Philatelists may be interested to know that there were four varieties of postage stamps issued.


SEDANG Royal Order of Sedang


SEDANG Order of Merit

End Notes

Sédang was between Siam and Annam in latitude about 15 north, approximately 100 kilometers west of Binh-dinh, on the coast, and bounded on the north by the Hollangs, on the east and northeast by the Banhars and the Banomes, on the west by the Mekong River and on the south by the Jarrais. Their capital was Pelei-Agua, at the junction of the PeKau and the Bla River.
Trost, a German writer, erroneously states that this venture was in North Borneo, but that village is spelled Sedong.


The Princely Order of the Chevaliers of Saint Leon was founded November 18, 1898, by one who styled himself Dom Leon Prince Laforge de Vitanval. According to the statutes, the objects were meritorious; to honor the noblest and the most worthy, as well as those proficient in the Arts, Sciences and Letters. This would-be Prince was Sovereign Grand Master of the Order and the Secretary General was Henry Romain, styling himself, Louis, Marquis de Guiry.

Louis Leon Laforg was born about 1873 or 1874 at Honfleur, Department of Calvados, at the mouth of the Seine. At the age of twenty-eight he possessed a yacht named the Sphynx, the commander of which was Count Revol de Grigny, who when ashore lived in a sparsely furnished room and did his own cooking, but when on the yacht dressed most elaborately. Laforg frequently attracted the attention of the police and was before the Courts of Havre, of Asnieres in 1900, and of Paris in 1901. He claimed to be a Roman Prince, which title he said was conferred by Pope Leo XIII who had awarded him the Cross of St. Gregorythe Great on November 15, 1898. According to Le Journal, Paris, May 4, 1901, LaForg appears to have paid 22, 150 francs for his title. He also claimed that King Humbert conferred on him the Order of the Crown of Italy for his literary work.

At the court trial in Paris, on May 2, 1901, it was testified that he made a charge of from 20 to 80 francs for the ribbon of the Order of St. Leon, and demanded one thousand francs for the decoration and diploma. At the conclusion of this trial, Laforg was sentenced to six months imprisonment for defrauding and for illegally wearing decorations. Thus ended the Princely Order of Saint Leon.

The elaborate certificate of award was designed and engraved by J. Van Driesten of Paris, who, according to a letter in the writer’s possession, received but little in payment, save a decoration and title of Officer of the Order.

It is to be regretted that no description or illustration of the insignia could be obtained.


About seven hundred miles east of Brazil, in latitude 20° south and longitude 29° west, is a small volcanic pinnacle, the island of Trinidad, about four miles long by two miles wide, inhabited by seabirds and turtles. It was visited by Edmund Halley in 1700, by Amaro Delano in 1803 and by Richard Owen in 1882, and although known to the early Portuguese and English navigators, no one seems to have bothered about settling it or claiming possession of this veritable bit of no-man’s land. 1 The latest maps mark it as belonging to Brazil.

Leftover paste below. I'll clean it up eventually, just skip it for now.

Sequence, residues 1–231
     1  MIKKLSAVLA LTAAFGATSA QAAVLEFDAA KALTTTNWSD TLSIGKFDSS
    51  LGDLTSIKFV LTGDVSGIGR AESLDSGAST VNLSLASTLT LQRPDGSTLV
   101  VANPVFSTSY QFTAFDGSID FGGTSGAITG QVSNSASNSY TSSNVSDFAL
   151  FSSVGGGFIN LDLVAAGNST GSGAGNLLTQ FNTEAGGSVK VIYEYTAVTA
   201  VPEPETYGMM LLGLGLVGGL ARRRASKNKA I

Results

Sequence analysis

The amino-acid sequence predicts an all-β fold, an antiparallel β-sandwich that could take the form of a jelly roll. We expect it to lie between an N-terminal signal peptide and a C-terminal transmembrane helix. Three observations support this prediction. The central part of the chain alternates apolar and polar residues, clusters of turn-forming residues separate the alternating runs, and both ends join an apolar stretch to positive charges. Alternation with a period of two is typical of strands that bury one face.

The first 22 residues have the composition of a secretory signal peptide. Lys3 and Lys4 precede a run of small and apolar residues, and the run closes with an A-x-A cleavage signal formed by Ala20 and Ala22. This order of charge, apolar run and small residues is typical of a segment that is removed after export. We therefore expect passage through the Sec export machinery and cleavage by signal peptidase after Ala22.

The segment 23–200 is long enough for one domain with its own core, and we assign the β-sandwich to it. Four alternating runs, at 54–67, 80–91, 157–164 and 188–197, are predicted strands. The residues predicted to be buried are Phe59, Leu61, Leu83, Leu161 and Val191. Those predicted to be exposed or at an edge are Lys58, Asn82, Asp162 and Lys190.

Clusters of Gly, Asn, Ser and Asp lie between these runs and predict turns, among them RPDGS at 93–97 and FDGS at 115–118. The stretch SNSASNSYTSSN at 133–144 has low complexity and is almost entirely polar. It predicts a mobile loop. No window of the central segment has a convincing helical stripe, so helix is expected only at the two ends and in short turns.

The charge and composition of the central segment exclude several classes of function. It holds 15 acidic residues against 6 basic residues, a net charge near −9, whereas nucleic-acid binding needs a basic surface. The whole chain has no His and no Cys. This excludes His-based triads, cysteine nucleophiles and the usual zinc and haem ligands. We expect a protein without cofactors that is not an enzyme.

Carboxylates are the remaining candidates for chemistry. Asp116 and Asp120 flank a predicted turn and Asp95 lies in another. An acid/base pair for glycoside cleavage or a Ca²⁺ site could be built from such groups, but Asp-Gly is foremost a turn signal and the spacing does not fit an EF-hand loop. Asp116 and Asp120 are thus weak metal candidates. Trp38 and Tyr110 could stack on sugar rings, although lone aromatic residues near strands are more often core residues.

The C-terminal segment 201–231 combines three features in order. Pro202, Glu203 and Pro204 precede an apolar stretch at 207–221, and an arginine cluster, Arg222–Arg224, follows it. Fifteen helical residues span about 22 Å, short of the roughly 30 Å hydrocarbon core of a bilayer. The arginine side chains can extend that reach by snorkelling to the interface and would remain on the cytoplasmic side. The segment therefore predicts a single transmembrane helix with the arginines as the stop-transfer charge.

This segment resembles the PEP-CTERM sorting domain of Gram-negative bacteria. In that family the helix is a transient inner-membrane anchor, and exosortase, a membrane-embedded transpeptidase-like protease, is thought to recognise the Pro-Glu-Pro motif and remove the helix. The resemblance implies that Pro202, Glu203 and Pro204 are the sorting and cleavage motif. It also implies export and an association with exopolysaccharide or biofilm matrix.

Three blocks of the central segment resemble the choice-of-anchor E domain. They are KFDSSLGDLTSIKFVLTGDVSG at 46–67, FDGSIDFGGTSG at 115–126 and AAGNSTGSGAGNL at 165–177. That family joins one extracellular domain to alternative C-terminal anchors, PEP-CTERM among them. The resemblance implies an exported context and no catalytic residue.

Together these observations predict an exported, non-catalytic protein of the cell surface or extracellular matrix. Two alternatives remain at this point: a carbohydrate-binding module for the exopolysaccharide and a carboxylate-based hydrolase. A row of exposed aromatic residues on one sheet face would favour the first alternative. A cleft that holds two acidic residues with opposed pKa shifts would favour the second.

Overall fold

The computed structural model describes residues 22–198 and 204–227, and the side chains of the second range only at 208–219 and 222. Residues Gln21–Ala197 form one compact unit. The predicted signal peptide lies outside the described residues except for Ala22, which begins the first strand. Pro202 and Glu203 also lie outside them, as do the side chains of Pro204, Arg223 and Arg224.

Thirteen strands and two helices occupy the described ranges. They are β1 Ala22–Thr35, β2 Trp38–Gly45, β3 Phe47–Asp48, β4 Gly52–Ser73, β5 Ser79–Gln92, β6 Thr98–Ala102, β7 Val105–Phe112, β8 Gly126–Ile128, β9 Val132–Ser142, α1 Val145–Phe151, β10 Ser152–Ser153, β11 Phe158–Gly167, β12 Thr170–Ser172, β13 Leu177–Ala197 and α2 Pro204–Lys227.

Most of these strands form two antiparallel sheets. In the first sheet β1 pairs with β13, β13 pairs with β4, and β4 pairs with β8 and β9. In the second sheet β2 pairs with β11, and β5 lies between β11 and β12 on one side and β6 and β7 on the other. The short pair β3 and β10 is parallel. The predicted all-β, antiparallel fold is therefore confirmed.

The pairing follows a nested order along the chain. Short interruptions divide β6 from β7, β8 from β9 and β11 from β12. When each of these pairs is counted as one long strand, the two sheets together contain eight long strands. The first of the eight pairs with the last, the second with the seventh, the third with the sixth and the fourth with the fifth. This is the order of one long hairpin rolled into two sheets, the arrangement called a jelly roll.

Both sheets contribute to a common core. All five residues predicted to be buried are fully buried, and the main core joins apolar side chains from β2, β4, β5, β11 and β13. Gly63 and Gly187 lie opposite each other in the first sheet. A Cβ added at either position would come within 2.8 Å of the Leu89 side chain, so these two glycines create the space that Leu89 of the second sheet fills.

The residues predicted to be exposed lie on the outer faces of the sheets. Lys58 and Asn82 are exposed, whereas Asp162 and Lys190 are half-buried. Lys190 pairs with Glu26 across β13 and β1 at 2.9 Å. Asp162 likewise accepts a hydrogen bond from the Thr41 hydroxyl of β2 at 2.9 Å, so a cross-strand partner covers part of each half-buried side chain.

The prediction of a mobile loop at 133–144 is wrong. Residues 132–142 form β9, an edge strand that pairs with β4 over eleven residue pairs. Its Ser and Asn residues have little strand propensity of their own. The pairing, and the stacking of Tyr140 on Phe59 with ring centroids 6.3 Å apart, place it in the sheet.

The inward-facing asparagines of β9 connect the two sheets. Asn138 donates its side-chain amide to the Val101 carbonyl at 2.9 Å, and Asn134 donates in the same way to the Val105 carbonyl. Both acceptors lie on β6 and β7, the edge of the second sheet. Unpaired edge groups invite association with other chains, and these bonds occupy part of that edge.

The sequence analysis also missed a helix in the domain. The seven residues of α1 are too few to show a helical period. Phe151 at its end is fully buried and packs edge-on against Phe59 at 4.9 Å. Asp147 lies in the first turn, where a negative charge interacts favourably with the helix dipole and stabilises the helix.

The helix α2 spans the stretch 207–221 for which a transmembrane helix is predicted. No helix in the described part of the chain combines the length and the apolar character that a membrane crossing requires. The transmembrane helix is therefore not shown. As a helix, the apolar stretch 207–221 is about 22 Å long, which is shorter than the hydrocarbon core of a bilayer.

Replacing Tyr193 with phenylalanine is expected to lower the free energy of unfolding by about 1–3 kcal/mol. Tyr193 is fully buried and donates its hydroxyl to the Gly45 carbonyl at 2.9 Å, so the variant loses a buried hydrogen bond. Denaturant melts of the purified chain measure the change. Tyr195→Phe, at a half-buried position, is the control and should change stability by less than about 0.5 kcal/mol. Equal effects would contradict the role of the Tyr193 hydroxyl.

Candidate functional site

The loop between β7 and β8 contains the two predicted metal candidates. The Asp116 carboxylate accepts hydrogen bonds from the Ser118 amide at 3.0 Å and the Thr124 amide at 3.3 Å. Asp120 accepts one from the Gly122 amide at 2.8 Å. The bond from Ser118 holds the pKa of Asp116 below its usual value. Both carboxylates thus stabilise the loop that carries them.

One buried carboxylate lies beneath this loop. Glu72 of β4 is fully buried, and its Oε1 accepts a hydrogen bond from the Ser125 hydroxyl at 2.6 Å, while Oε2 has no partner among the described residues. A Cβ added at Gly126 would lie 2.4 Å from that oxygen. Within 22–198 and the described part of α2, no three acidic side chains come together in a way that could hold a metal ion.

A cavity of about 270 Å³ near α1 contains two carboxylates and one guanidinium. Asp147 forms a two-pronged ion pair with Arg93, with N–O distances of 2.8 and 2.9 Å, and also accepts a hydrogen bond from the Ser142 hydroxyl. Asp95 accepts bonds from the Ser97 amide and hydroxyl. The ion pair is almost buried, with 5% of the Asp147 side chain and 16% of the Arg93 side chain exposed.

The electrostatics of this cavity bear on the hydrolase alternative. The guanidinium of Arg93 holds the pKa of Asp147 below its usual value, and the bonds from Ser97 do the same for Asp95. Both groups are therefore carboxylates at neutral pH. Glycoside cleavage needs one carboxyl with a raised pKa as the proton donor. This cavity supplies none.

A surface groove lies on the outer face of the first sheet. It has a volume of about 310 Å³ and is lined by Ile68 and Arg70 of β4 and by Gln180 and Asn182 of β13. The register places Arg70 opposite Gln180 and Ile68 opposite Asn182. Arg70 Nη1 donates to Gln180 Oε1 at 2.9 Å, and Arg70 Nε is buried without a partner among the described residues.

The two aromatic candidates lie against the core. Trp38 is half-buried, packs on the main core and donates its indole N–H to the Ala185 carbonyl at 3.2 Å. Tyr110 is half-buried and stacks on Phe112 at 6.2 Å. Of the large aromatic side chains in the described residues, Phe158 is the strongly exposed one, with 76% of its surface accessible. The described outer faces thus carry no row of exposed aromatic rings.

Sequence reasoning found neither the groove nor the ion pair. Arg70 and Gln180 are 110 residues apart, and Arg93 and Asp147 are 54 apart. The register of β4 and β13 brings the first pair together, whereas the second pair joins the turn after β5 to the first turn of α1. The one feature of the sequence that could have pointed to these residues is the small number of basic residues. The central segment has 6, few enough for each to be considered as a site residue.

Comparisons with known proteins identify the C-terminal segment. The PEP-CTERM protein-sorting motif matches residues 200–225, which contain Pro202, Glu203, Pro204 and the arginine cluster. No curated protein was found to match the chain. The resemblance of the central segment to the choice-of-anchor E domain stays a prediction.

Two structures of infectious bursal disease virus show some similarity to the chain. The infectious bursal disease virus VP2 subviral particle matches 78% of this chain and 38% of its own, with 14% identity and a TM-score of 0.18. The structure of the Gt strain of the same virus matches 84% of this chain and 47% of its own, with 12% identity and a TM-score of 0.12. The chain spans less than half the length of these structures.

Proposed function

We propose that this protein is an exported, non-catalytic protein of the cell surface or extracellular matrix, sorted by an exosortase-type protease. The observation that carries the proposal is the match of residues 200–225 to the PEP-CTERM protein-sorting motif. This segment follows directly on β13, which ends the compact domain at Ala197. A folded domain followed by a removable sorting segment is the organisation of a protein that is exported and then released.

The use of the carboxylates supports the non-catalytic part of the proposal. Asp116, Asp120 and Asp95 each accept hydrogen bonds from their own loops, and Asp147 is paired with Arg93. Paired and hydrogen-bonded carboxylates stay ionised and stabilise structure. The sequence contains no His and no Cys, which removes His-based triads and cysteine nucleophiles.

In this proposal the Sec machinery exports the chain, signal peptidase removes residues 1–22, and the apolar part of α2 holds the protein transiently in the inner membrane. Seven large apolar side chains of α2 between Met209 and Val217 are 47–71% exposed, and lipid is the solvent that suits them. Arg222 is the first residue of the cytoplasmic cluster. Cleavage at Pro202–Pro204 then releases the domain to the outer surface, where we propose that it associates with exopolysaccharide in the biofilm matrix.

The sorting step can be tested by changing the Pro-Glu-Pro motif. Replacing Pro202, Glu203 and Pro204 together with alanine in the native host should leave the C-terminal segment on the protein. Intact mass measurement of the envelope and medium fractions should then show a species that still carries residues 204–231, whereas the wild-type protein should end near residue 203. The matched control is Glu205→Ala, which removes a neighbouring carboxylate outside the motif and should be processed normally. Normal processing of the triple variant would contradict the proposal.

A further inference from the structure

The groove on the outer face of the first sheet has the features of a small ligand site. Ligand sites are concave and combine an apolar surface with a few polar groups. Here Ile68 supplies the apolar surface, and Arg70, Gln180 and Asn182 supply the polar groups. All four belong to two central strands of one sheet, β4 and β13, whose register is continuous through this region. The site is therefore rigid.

About 1888, one Harden Hickey, self-styled a “Baron,” who had been publishing a little-known journal in Paris, the Triboulet, suddenly abandoned the boulevards and started on a tour of the world in an English sailing ship, the “Astoria.” During the voyage the schooner stopped at the island of Trinidad, and Hickey resolved to colonize it. After five years of deliberation, in September 1893, he formally took possession of this rocky bit of land and declared himself its sovereign Prince, under the title of James I.

About 1894 he issued a four-paged printed circular, which for brazen effrontery is unique. He starts by saying that three years before he had married the only daughter of Mr. John H. Flagler, a well-known American millionaire. This was no doubt intended to impress the readers with his> wealth and importance. The circular further states that the government was to be a military dictatorship. The officers were to wear a moustache and imperial like the Zouaves of the Second Empire. The flag authorized was a yellow triangle on a red field, and the arms of the principality were a shield “d’or chapé de gueules” and an order of Chivalry, THE CROSS OF TRINIDAD, was created. The State was to have a monopoly of the guano, the turtles and the pirates’ treasure, which legend said had been buried there. The colonists were to be free to possess the “vegetation luxuriante de fougères, d’acacias et de Haricots sauvages, propres a la nourriture de l’homme.” Only white colonists could become partners in this venture, provided they had good social position at home and purchased a sufficient number of shares in government stock. This circular was signed by “Le Grand Chancelier Secretaire d’État pour les Affaires Étrangères” M. Le Comte de la Boissière, 217 West 36th Street, New York, États-Unis, another ex-Parisian journalist, by the way. The telegraphic address was “Cerchra, Newyork.”

Possibly the “baron’s” only source of income for the government was from the sale of an immense number of postage stamps sold to American and European dealers. Brazil seems still to own the island; the guano and the buried treasure if ever there, still remain and the turtles are probably undisturbed by the colonists with their moustaches and imperials.